In 2012 and 2014, the Department of Mineral Resources granted three prospecting rights for marine phosphate over a considerable portion of South Africa’s marine environment. A prospecting right provides an expectation that mining will be allowed. This poses a looming threat to our marine ecosystem.

What is bulk marine sediment mining?

New methods and technologies have led to exponential increases in the achievable mining rate of the sea floor, resulting in what is termed Trailing Suction Hopper-Dredge (TSDH). This involves dredging and removing sediment on the seafloor at an alarming rate, removing a layer of up to 3 meters deep.

This technology can dredge more than 100 000m² of sediment per day. If mining were to proceed in the areas currently under prospecting rights in South Africa, it would in all likelihood involve such technology.

What are the impacts of bulk marine sediment mining?

Bulk marine sediment mining could impose irreversible impacts on marine ecosystems and fishery resources according to preliminary assessments. These signify the need for longer term investigations, however, several assessments outline numerous negative impacts some of which include:

  • Direct destruction of seabed organisms and habitats, the building blocks of marine ecosystems.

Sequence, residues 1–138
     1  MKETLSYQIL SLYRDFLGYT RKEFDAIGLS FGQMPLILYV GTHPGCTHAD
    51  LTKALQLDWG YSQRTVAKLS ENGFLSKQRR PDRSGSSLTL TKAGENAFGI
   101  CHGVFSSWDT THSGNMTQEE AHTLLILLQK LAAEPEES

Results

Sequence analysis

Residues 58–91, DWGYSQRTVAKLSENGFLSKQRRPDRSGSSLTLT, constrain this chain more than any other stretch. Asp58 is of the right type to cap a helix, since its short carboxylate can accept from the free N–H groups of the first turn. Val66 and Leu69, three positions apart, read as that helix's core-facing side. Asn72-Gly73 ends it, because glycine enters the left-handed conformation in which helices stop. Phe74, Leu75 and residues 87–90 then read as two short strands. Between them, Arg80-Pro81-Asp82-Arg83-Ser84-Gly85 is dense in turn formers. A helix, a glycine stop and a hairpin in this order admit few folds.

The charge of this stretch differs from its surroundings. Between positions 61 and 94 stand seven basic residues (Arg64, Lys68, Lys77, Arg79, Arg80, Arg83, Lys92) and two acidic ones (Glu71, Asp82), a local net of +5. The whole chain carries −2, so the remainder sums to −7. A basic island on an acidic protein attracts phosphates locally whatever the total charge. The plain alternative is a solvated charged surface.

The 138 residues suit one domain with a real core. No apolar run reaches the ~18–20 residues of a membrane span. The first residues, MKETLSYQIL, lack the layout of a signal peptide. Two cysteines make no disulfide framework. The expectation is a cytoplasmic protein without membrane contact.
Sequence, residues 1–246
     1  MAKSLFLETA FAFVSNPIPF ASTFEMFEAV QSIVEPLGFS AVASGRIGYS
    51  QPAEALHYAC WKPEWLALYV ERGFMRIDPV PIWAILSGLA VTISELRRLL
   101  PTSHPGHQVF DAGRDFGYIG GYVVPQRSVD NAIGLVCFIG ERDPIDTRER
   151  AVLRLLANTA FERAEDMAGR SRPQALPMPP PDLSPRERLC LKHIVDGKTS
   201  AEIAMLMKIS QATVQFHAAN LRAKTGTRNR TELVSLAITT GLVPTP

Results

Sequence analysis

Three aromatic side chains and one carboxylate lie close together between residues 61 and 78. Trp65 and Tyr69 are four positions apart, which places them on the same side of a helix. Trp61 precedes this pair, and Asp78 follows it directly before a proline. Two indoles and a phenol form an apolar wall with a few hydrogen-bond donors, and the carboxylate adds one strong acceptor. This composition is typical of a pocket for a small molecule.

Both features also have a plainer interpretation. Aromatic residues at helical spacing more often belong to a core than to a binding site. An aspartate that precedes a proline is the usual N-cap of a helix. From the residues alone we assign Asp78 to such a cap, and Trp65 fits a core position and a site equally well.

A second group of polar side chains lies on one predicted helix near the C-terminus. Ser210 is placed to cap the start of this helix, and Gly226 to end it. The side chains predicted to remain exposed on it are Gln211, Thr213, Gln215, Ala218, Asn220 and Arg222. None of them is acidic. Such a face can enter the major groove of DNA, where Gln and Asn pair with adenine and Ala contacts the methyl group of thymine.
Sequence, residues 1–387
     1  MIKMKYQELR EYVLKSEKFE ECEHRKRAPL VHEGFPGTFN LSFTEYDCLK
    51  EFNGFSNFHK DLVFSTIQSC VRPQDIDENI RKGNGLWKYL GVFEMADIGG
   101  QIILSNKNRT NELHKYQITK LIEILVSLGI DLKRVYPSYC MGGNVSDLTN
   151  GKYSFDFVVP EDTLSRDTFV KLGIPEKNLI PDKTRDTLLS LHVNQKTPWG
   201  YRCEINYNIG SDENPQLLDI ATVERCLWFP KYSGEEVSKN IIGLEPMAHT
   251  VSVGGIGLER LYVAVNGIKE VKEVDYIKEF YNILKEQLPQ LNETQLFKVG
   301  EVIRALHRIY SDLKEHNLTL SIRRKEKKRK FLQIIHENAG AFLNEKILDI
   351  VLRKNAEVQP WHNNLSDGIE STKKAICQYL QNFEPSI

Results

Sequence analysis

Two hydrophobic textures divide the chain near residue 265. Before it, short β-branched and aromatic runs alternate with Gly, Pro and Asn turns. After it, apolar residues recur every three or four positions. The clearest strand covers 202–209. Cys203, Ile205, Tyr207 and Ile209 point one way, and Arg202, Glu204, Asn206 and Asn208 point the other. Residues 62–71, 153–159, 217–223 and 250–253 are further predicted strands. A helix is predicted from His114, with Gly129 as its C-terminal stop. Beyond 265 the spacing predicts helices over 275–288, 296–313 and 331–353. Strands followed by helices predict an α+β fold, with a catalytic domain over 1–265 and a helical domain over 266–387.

• Direct harm to breeding, spawning, feeding and aggregation areas for fish species.
  • Reduced light penetration impacting on photosynthesis
  • Increased organic fallout causing oxygen depletion and die off
  • The release of heavy metals which affects entire marine food webs
  • Release of hazardous substances such as radioactive materials, methane and hydrogen sulphide
  • Negative impacts on zoo-plankton, a key building block of marine ecosystems
  • Poor quality sea water which could hamper the aquaculture industry

Why marine phosphates

Our seabed is rich with phosphorite bearing sediments. Phosphorous is one of the main three macro-nutrients that are essential for plant growth with the majority (88%), being used as fertiliser for agriculture. An argument that is used to justify bulk marine sediment mining is that phosphate is critical for food security and terrestrial phosphate supplies are dwindling while demand is increasing.

Preliminary investigations indicate that this argument is without merit. South Africa doesn’t have a shortage of phosphates and our farming is increasingly criticised for its excessive use of inorganic fertilisers because of the associated long term impacts on soil health. Furthermore, an excess of phosphates causes a multitude of negative environmental impacts when it leaches into streams and rivers.

These include risks to human health and death of marine species and livestock. Viable alternatives exist for ensuring continued phosphate supplies. These include recycling phosphates through or using organic manure and phosphate recovery from sewage treatment facilities.

What is being done in response?

In response to concerns that unsustainable seabed mining will soon be authorised in South Africa, the Centre for Environmental Rights, with its partner WWF-SA, started a project entitled Safeguarding our Seabed.

It includes organisations that represent the interests of commercial and small scale fishing and environmental justice organisations. A key objective of the project is to achieve a moratorium on bulk marine sediment mining in South Africa.

For more info click here, Safeguard our Seabed.